Following multiple engagement opportunities and conversations with administrators, leaders, and staff, there is considerable understanding of and support for the above vision. At the same time, faculties and programs will engage this work from different entry points. PPR processes provide a clear and established pathway for addressing the integration of disciplinary priorities and equity or public-facing outcomes. Programmatically integrating disciplinary, professional, and public-facing outcomes and content that addresses these multiple areas will take time. Programs may go through, at a minimum, one or two PPR cycles in working out their particular pathway to implementation.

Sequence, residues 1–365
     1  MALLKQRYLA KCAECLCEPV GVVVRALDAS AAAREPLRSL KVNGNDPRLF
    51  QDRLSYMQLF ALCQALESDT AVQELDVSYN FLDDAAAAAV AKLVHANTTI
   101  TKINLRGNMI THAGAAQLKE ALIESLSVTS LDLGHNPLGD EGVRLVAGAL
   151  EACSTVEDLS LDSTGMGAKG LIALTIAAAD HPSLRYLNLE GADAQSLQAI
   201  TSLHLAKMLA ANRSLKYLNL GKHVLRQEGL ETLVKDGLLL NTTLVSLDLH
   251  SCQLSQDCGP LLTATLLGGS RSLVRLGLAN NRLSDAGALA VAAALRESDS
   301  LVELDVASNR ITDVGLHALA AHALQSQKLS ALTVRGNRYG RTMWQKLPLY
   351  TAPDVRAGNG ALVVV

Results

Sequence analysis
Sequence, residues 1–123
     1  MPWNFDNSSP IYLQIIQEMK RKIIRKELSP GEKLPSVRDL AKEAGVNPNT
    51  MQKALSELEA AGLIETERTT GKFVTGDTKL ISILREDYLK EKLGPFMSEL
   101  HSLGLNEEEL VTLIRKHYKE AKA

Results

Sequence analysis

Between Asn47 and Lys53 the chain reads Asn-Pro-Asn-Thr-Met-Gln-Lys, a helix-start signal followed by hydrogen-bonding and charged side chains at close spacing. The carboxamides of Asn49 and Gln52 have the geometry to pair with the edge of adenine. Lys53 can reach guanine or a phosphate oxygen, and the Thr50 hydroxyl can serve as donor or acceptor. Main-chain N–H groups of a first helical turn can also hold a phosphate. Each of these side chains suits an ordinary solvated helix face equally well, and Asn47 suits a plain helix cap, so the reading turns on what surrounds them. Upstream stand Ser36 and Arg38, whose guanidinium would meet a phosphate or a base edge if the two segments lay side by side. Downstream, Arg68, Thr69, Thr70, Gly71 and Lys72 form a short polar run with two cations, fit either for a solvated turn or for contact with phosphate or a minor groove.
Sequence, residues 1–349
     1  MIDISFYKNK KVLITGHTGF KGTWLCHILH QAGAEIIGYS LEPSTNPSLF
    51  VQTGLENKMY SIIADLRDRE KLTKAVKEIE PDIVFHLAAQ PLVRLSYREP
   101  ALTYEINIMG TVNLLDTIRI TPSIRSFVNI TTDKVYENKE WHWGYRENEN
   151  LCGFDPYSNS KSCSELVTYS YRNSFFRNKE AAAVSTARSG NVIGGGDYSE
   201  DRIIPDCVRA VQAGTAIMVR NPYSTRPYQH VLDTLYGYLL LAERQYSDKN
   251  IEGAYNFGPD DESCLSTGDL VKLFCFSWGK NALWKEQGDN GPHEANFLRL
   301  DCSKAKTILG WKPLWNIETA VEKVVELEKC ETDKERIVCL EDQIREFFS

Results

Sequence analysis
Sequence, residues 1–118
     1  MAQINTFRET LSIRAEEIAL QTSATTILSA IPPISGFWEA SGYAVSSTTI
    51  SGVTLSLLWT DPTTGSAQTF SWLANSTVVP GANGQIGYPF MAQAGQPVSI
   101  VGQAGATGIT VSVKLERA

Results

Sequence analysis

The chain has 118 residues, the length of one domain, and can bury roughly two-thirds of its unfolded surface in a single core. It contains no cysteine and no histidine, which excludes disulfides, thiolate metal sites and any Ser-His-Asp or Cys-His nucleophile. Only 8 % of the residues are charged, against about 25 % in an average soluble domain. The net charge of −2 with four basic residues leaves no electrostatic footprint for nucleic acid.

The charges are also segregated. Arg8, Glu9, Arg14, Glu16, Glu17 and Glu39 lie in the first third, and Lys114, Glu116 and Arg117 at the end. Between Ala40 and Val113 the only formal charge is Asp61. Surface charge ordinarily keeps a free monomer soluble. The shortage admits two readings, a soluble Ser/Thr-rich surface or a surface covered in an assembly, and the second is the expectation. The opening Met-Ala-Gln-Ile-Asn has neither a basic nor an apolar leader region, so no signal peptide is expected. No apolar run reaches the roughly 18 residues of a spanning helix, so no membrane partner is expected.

Wherever a program begins to address programmatic change, the role of the Special Advisor is to thoroughly understand the strengths and priorities of these programs and to support realistic steps to implementation of recommendation nine and the larger vision. In some cases, programs will already be considering equity-related outcomes. In other programs, faculty members will experience existing disciplinary and professional demands as all-encompassing with little room for consideration of new outcomes. The focus of the Special Advisor beginning in fall 2023 will be to work with faculties and at a program-to-program level in support of a program-specific implementation plan for recommendation nine and, as desired, broader equity concerns in concert with PPR timelines and processes.